R.A. Mehta, J.
1. This petition raises the question of handing over possession of the muddamal truck during the pendency of the trial. The trial court has directed that the possession of the truck be handed over to the respondent No. 2, accused because he is the registered owner thereof.
2. The second respondent, registered owner, had entered into a contract with the petitioner dated 12th May 1982 whereunder the consideration was fixed at Rs. 95,000/- and the petitioner had paid a sum of Rs. 25,000/-towards part-payment of the agreed amount and the balance amount of Rs. 70,000/- was to be paid by monthly instalment of Rs. 7,000/- beginning from 1st June 1982 and the monthly instalment was to be paid before 15th of every month. In case the purchaser (the petitioner) failed to pay the instalments, the vendor had reserved his right to take appropriate legal proceedings and the possession of the truck was handed over to the petitioner. Thus, the petitioner was in lawful possession of the said truck with the express consent of the second respondent.
3. The petitioner paid first instalment of Rs. 7,000/- in two parts, Rs. 5,000/- on 21st June 1982 and Rs. 2,000/- on July 2, 1982. He also paid Rs. 6,850/- by two drafts dt. 21st and 22nd July 1982 and claimed that an amount of Rs. 150/- was paid to the lawyer towards drafting the agreement. Thereafter in August, 1982 the truck met with an accident and there was extensive damage to the truck for which a claim was made from the insurance company. It is contended by the petitioner that he had to spend a very substantial amount towards the repairs of the truck and as the truck was out of business, he could not make the payment of instalments and he had written to the second respondent to take the amount of the insurance claim towards the dues. On 15th September 1982 the petitioner had written to the second respondent a letter stating that the truck had met with an accident on 25th August 1982 and there is estimated damage of Rs. 35,000/- and the insurance claim was made and survey had also been made. It was also mentioned therein that since the truck was hypothecated with the bank by the second respondent, the insurance company would make the payment to the bank and it was mentioned that the insurance company was likely to sanction a claim of Rs. 21,000/- and it was also further stated that since the petitioner was incurring all the expenses for repairs, he should be given credit of that amount. It was also pointed out that he had paid two instalments of Rs. 14,000/- and a sum of Rs. 56,000/- was remaining to be paid. It was also stated that after deducting the insurance amount that might be received, he was willing to pay up the entire dues and he had also requested to let him know as to what was the outstanding amount of the bank so that he could make arrangement for payment to the bank. By another letter dt. 30th September 1982 it was mentioned that the truck was likely to be repaired soon. It was also mentioned that it was necessary to obtain copy of the panchnama and, therefore, the petitioner requested for copy of the panchnama and stated that until that panchnama was furnished there would be delay in sanctioning the amount from insurance company.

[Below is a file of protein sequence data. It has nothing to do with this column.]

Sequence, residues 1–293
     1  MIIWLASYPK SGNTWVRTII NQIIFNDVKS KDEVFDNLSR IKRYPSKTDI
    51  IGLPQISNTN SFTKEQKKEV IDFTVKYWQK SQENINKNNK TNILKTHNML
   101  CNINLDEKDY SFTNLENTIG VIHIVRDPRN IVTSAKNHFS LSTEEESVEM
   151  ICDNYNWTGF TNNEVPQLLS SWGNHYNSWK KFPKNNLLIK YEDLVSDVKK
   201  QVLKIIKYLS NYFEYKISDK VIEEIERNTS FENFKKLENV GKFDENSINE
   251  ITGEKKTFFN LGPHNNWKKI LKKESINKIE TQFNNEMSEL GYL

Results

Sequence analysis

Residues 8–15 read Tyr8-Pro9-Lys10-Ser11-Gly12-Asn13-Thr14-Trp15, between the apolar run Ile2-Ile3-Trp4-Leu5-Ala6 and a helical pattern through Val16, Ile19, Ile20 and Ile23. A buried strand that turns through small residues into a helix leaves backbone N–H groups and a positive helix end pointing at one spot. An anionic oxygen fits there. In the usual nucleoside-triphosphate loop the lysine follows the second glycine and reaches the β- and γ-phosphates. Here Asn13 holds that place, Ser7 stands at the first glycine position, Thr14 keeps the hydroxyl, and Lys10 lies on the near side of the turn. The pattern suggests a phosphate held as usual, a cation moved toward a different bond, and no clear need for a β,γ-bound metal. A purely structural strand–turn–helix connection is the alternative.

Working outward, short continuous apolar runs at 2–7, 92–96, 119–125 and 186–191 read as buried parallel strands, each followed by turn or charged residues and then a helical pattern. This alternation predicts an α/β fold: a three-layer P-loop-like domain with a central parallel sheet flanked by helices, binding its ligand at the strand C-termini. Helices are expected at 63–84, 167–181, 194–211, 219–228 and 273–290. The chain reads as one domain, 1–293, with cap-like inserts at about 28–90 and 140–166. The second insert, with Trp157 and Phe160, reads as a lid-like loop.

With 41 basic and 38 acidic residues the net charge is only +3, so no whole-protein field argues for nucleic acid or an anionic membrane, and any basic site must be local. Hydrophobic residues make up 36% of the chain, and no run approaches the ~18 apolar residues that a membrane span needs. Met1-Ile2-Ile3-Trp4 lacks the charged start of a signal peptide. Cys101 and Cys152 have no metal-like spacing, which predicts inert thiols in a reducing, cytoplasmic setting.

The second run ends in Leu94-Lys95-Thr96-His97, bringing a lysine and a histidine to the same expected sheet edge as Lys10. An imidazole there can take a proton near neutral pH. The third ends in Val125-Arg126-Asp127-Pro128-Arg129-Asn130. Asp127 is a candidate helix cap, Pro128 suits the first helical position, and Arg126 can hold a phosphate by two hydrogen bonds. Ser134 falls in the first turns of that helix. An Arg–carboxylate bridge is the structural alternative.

4. By a notice dt. 9th October 1982 the second respondent claimed that there was a default by the petitioner in payment of the instalments and in taking care of the vehicle and alleging that the petitioner had committed breach of the agreement, the petitioner was required to return the possession of the truck to the second respondent failing which the second respondent would take appropriate legal steps. The petitioner gave a reply dt. 18th October 1982 pointing out therein that he had paid substantial amount towards the consideration and had incurred a substantial expenditure of about Rs. 32,000/- in repair of the truck and the claim passed by the insurance company would be directly paid to the second respondent and, therefore, there was no question of default, because the insurance amount would be sufficient to cover the due instalments and the subsequent instalments would be paid as and when due. It was also pointed out that delay in insurance claim was due to not supplying the copy of the police panchnama by the second respondent. It was also mentioned that the petitioner was willing to make full payment. However, the second respondent had not given any response and the petitioner had reiterated his willingness to finalise everything.